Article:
A fortnight ago I read two contrasting articles. One article was talking about the recent Colorado shooting and comments were made about where God was in that event. There are people who cannot accept a loving God allowing this to happen.
The next article I read set me thinking. The writer suggested that we should not think that God is here to make everything nice and peaceful (these, incidentally are not the exact words of the writer but you get the idea). Hmmm… in my reflection to the question: where is God in this?, I do see the point the second writer was talking about. To take it further, I think it is the reality of God in each one of us that shapes our relationships with one another. To understand how God can be in this means looking first at ourselves. Is the God in me an angry person? Is the God in me a vengeful person? Is the God in me furious and raging to shoot people in their faces?
Or is the God in me at peace? Is the God in me compassionate? Is the God in me patient? Is the God in me loving?
In some ways therefore we have to take responsibility of our actions. Our forefathers had to take responsibility for their actions. Generations of unenlightened persons have raised up younger generations of angst, people who are self-centered, people who have not learned to love others as the holy men and women who had gone before us did. I stand among many who have failed to bring up children who are loving, other-looking, taking responsibility of God’s creations and not abusing them. I try to teach my children good values but they (with a mind of their own) are affected by what their peers do, and what society at large does and conform to.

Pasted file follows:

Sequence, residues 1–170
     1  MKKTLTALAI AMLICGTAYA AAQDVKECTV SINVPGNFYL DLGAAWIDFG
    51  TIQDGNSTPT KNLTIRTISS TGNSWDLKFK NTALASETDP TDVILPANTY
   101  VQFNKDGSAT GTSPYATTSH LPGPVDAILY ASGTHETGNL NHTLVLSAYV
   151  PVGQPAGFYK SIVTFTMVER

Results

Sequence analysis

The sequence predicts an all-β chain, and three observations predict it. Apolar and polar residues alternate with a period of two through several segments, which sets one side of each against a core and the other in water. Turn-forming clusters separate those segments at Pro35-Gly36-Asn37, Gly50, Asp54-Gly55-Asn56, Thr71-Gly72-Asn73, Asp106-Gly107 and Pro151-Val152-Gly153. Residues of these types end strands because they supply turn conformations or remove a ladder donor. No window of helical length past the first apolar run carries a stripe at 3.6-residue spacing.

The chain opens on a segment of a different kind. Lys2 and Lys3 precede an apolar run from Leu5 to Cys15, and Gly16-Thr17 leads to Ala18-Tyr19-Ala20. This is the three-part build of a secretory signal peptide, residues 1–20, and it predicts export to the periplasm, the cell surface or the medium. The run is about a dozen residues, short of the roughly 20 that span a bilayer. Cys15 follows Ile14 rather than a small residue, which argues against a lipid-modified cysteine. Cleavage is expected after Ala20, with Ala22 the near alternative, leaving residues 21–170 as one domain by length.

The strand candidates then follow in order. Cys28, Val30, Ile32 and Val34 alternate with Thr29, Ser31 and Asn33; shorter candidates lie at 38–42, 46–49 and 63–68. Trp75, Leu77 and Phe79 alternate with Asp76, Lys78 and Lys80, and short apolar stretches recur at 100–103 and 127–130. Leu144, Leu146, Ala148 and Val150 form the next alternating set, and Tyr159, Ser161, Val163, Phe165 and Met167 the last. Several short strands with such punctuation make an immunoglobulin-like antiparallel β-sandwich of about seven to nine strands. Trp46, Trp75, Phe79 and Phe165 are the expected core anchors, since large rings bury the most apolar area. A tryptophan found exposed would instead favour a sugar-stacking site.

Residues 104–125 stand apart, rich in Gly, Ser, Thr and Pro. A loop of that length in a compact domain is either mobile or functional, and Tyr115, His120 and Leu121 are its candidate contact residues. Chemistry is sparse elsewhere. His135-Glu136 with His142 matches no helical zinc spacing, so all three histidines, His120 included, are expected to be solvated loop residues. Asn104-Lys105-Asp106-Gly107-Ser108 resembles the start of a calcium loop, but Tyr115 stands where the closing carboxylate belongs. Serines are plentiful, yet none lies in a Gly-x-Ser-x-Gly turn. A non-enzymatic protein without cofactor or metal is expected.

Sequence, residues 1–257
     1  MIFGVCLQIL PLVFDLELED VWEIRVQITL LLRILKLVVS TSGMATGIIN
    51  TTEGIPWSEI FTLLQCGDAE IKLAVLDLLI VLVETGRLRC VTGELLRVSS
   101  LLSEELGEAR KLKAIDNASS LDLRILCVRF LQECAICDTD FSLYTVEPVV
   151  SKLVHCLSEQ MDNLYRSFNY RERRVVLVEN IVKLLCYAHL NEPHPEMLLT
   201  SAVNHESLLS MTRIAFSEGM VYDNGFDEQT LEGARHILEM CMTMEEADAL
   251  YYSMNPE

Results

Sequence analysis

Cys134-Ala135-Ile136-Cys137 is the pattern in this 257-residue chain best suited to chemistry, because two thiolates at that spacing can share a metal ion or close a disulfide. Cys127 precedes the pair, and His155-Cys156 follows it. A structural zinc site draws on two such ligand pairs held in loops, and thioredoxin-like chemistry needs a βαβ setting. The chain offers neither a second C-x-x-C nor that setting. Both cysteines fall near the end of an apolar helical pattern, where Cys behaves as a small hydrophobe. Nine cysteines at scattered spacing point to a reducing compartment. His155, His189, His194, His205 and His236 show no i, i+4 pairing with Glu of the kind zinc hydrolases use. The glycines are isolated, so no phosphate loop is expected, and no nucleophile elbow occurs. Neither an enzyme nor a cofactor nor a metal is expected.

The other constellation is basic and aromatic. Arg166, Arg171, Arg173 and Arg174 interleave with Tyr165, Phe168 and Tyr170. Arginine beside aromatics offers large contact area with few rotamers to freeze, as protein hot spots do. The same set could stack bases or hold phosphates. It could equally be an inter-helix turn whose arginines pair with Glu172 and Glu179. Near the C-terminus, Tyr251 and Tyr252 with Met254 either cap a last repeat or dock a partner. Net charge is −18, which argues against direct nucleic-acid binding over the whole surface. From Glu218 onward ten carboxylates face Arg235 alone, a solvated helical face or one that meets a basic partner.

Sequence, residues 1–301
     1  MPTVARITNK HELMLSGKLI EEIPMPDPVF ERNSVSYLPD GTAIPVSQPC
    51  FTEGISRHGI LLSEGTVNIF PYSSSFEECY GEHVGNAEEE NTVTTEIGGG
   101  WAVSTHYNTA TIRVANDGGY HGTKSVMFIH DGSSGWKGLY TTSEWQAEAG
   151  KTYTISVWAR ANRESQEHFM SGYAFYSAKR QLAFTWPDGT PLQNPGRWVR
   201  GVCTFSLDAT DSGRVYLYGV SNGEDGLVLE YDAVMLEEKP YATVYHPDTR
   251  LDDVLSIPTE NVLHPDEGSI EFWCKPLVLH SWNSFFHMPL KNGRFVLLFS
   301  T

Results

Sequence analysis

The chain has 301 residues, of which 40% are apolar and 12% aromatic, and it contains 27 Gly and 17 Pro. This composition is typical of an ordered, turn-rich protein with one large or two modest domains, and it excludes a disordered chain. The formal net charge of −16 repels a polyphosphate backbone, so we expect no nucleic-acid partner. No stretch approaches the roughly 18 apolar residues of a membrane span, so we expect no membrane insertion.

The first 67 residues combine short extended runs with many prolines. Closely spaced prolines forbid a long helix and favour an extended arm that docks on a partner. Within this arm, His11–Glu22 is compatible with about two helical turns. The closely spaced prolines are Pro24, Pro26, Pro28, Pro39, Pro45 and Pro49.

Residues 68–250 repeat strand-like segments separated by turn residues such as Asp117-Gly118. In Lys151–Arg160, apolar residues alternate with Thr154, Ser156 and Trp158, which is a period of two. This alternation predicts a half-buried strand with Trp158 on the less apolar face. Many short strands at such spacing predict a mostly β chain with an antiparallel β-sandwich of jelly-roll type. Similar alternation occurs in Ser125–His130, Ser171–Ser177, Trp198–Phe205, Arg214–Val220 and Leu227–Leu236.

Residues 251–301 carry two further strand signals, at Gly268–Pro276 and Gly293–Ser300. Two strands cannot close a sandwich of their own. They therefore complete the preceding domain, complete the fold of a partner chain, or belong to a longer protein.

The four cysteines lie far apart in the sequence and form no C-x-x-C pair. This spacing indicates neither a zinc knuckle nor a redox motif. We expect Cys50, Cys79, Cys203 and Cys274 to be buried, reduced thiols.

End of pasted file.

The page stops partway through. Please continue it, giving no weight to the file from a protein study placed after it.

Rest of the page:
I think the onus is on everyone to be self-aware, and to want to live harmoniously with one another. Let’s pray for a breath of fresh outpouring of God’s Holy Spirit onto the face of the earth and let God’s peace and love reign.
May we find the breath of the Holy Spirit upon our being.
“Knowing God means knowing God as the Lord and giver of life; it means experiencing oneself as “called” into existence and, therefore, as loved. … Yet the point remains: we are not going to be certain of the basic calling of our lives (which we become sensitive to the more we reflect on the fact that we exist at all) than we are of God’s real presence in our lives and world. And we certainly should be concerned whenever vocational choices – particular responses to divine action in one’s life – with their reassuring routine and predictability start to feel more secure or certain than our awareness of the divine mystery itself. If a person’s relatedness to God becomes static, there may be a temptation to take refuge in one’s “vocation”, one’s work. But where our relatedness to God us dynamic and alive, then the concrete form of our vocational choices remains supple, even open to the possibility of being re-reformed.”
- above excerpted from “Seeking God in All Things: Theology and Spiritual Direction” by William Reiser, SJ, (2005), p.48.
How very beautifully Reiser had put in perspective the will of God I thought. Often a seeker comes into spiritual direction desiring to seek the will of God. This may not necessarily be discernment of life changing processes but it could just be a simple discernment of where one should be in church ministry. Once a decision is made it does not mean that the will of God on that decision is cast in solid stone. No, on the contrary the seeker should continue to be aware of God’s further actions in his/her life and be willing to be open to other instances where God could use his/her talents. Just as Jesus broke bread for many, God could multiply parts of one body in the bigger Body of Christ to fulfill fullness of life in His Kingdom.
May you remain open to God’s promptings even if you think you have found God’s will for you.
“Judging a person does not define who they are. It defines who YOU are.” – author unknown.